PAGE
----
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    ABSTRACT: The purpose of this study was to investigate whether psychosocial stress defined as high strain based on the job demand-control model increases risk for atrial fibrillation. The present study comprised 6035 men born between 1915 and 1925 and free from previous coronary heart disease, atrial fibrillation and stroke at baseline (1974-1977). Work-related psychosocial stress was measured using a job-exposure matrix for the job demand-control model based on occupation at baseline. The participants were followed from baseline examination until death, hospital discharge or 75 years of age, using the Swedish national register on cause of death and the Swedish hospital discharge register for any registration for atrial fibrillation, resulting in the identification of 436 cases. Data were analysed with Cox regression models with atrial fibrillation as the outcome using high strain as the explanatory variable adjusted for age, smoking, body mass index, hypertension, diabetes and socioeconomic status. There was an increased risk for atrial fibrillation in relation to high strain (HR 1.32, 95% CI 1.003 to 1.75). When the four categories of the job-strain model were included and low strain was used as reference, the risk for high strain decreased (HR 1.23, 95% CI 0.84 to 1.82). Exposure to occupational psychosocial stress defined as high strain may be associated with increased risk for atrial fibrillation. The observed increase in risk is small and residual confounding may also be present. Published by the BMJ Publishing Group Limited. For permission to use (where not already granted under a licence) please go to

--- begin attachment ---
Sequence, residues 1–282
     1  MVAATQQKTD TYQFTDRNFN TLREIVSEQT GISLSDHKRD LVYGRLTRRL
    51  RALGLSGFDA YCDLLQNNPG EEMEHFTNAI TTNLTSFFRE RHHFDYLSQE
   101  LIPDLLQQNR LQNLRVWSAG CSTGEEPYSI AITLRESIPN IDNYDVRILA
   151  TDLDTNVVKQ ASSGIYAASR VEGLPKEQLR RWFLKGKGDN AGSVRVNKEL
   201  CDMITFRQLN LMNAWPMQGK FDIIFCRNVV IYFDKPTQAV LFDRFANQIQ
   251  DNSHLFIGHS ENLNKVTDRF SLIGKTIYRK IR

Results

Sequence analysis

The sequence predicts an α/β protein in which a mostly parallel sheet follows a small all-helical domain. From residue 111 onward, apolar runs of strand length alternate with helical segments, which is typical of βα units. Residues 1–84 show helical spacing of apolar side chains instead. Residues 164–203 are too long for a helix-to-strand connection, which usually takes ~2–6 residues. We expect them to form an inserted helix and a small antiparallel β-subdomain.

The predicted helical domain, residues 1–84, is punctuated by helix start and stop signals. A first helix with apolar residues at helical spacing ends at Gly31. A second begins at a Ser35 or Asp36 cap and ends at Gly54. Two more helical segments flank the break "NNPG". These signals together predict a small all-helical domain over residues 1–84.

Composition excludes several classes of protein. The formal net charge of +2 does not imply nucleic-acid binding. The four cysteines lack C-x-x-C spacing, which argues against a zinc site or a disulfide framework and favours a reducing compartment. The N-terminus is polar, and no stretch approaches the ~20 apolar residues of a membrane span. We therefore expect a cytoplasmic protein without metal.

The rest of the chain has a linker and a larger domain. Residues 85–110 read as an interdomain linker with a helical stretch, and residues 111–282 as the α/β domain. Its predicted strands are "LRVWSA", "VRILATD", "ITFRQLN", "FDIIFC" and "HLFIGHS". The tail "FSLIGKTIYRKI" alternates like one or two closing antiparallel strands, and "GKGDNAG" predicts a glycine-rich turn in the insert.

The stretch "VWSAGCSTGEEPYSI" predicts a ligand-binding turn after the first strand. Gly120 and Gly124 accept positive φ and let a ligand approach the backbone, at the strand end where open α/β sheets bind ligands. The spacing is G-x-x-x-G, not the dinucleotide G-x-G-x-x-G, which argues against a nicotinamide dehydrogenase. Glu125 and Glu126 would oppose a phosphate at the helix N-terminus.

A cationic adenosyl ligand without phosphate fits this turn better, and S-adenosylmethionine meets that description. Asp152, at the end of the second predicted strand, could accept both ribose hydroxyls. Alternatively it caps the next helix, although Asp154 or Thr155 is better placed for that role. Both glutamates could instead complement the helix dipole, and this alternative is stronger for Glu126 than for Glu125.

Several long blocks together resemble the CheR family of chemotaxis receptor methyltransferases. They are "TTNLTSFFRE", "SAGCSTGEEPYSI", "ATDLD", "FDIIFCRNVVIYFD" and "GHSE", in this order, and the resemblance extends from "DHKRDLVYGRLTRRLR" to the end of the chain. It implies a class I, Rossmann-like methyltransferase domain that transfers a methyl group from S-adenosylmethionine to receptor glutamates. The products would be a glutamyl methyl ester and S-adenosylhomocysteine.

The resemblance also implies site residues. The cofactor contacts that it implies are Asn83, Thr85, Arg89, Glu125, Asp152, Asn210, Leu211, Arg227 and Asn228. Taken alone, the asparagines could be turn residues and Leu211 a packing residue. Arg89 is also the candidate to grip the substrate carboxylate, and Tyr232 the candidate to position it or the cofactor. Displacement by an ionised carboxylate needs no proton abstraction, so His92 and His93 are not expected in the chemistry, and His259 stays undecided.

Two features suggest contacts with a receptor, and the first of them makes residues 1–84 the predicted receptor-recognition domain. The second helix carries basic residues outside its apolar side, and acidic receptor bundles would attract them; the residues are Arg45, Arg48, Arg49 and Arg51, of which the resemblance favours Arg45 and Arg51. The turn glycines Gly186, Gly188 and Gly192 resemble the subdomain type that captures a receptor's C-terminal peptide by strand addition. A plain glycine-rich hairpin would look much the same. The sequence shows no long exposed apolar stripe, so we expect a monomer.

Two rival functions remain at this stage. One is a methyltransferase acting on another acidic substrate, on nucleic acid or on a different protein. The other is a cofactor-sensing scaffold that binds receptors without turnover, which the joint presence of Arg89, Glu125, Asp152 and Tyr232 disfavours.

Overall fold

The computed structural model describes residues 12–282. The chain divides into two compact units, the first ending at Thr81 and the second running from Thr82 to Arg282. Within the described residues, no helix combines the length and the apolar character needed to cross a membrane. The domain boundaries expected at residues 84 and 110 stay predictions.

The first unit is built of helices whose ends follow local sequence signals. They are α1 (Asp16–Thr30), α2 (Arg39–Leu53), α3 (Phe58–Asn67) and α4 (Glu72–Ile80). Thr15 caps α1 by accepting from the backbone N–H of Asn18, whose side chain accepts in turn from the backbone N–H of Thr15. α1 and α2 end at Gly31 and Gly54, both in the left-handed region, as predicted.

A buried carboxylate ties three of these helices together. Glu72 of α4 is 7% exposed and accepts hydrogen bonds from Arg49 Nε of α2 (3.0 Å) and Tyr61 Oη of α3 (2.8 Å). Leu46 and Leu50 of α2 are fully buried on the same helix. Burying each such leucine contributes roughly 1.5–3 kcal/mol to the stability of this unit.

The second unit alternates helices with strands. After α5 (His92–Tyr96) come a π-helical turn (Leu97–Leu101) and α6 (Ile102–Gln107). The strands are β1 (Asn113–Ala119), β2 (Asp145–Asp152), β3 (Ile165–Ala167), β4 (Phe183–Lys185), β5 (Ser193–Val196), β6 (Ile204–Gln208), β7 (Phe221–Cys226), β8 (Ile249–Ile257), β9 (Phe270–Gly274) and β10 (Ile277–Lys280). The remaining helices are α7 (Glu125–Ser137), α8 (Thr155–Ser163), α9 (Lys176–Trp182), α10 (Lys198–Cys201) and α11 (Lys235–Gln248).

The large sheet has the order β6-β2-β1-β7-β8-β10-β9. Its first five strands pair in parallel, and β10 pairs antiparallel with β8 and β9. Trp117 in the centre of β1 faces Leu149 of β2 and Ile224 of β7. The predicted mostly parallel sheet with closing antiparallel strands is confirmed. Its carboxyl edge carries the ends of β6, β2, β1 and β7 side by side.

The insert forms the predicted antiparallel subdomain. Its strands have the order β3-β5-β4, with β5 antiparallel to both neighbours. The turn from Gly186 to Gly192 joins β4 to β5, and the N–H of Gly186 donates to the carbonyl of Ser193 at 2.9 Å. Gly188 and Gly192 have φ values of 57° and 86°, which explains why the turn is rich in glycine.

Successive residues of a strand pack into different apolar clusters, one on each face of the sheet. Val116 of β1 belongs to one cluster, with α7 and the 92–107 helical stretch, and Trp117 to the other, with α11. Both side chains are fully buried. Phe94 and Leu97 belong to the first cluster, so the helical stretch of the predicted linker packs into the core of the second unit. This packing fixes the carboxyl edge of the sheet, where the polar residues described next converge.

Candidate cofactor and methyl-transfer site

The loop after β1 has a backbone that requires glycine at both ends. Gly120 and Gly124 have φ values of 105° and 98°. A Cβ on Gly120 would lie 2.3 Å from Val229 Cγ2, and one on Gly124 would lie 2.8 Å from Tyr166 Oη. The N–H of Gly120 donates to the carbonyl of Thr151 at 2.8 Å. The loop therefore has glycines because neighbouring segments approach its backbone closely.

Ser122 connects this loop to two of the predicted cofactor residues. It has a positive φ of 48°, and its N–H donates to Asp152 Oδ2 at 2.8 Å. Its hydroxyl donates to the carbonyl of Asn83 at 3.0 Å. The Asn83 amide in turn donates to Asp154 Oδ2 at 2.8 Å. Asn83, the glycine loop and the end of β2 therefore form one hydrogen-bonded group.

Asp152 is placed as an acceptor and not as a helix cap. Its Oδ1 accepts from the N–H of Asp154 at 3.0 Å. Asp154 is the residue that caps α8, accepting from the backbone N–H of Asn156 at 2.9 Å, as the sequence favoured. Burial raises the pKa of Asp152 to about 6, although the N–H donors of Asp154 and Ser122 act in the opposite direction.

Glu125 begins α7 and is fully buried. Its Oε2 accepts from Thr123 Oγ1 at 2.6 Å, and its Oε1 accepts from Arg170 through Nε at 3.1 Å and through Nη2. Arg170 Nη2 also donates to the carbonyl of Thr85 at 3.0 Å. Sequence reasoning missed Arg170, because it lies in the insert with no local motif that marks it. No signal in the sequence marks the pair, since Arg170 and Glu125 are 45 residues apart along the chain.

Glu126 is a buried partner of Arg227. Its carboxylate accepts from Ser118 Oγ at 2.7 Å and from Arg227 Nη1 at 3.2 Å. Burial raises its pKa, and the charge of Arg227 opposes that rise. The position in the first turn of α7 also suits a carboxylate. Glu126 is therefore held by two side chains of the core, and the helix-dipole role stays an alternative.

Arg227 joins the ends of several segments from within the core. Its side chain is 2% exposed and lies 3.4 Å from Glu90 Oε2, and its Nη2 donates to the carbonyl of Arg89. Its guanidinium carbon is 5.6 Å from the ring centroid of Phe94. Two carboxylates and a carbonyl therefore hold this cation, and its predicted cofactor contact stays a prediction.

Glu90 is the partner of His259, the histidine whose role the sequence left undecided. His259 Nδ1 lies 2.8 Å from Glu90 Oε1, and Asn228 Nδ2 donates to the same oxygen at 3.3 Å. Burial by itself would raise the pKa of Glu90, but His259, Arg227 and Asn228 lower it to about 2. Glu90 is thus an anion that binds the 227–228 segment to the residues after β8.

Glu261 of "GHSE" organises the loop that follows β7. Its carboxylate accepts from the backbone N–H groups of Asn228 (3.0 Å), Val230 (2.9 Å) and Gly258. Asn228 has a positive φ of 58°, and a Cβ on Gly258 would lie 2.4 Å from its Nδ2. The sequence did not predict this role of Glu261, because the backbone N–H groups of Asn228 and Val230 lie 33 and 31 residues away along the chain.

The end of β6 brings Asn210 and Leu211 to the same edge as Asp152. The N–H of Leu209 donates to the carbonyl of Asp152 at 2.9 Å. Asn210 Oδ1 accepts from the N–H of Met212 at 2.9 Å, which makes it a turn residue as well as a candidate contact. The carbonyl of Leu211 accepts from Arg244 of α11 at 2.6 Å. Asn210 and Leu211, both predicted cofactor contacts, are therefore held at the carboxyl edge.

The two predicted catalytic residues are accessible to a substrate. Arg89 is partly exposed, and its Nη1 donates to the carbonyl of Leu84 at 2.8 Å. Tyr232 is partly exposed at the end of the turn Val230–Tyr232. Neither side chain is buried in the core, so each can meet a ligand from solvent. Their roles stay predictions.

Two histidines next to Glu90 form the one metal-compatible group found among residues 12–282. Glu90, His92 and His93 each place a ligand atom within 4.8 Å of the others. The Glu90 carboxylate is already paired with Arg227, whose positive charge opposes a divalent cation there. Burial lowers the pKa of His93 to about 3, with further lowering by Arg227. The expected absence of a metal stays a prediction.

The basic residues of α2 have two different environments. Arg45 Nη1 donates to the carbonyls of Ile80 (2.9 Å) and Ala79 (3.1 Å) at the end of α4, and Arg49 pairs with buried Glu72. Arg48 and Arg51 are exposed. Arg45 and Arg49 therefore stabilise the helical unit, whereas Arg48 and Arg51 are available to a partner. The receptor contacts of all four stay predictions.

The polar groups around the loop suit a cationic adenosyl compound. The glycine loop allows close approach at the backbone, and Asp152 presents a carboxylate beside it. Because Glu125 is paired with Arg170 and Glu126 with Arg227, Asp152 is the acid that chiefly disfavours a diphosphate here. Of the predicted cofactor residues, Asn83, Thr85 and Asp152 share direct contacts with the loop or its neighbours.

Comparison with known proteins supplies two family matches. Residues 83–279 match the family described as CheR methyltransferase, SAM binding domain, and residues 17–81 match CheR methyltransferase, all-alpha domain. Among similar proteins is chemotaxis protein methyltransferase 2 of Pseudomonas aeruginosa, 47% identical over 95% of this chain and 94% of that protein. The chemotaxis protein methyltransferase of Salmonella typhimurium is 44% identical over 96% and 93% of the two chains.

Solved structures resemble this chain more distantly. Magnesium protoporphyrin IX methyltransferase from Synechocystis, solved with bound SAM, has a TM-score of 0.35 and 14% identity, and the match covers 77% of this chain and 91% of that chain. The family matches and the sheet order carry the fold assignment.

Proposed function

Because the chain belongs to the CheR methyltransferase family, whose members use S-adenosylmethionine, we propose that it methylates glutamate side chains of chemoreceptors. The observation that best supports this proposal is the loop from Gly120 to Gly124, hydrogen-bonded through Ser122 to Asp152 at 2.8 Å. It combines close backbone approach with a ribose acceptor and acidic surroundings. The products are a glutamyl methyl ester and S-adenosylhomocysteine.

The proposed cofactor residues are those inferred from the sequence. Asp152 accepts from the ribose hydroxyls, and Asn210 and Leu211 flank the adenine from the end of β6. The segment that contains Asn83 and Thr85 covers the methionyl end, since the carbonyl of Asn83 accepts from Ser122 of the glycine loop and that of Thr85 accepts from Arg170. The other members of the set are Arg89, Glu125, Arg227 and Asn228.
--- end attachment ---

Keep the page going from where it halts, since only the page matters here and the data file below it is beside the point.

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    ABSTRACT: The overall aims of this thesis were to improve our understanding of (1) associations between adverse psychosocial work conditions and less explored cardiovascular outcomes, and (2) workers’ perceptions and reactive behaviour when exposed to such conditions. Psychosocial job environment was evaluated with the job demand-control and effort-reward imbalance models. In the former construct, demand captures psychological work load, while control measures the employee’s influence over work tasks. Conceptually, effort is similar to job demand in measuring work intensity, while reward measures salary, esteem from colleagues and management, and job security. Examined subjects were drawn from three cohorts: randomly selected residents from Greater Gothenburg, patients with new onset acute coronary syndrome from the West county of Sweden and Swedish male construction workers. Results in paper I illustrated that a combination of high demands-low control, commonly referred to as high strain, and imbalance between effort and reward was related to adverse values in intermediate cardiovascular heart disease risk factors, foremost blood pressure and blood lipids. Surprisingly, findings in paper II showed that work conditions characterized by high demands-high control were more strongly associated to increased ischemic stroke, than high strain. Furthermore, high strained and effort-reward imbalanced jobs predicted job mobility in a general population sample (Paper III) and were related to delayed return to work and fear-avoidance perceptions towards the workplace, among patients with new onset acute coronary syndrome (Paper IV). Fear-avoidance attributions, in turn, mediated the relationship between poor psychosocial conditions and expected work resumption. The results partly concur with previous evidence on links between psychosocial job factors and cardiovascular outcomes. The results also indicate that workers are not passive receptors to impairing job conditions, but both react to and actively try to improve or avoid detrimental work environment, and consequently protect their health. In the gender stratified analyses (paper I, III, IV) notable differences were detected, as psychosocial job dimensions were not related to blood pressure, job mobility, expected return to work or fear-avoidance attributions among women. These differences could be due to a gender segregated labour market or lack of precision in reflecting female dominated work cultures. Further explanations might be that for women, private life stressors, e.g. child care or household work, deflate relationships between the psychosocial factors and outcomes used in this thesis.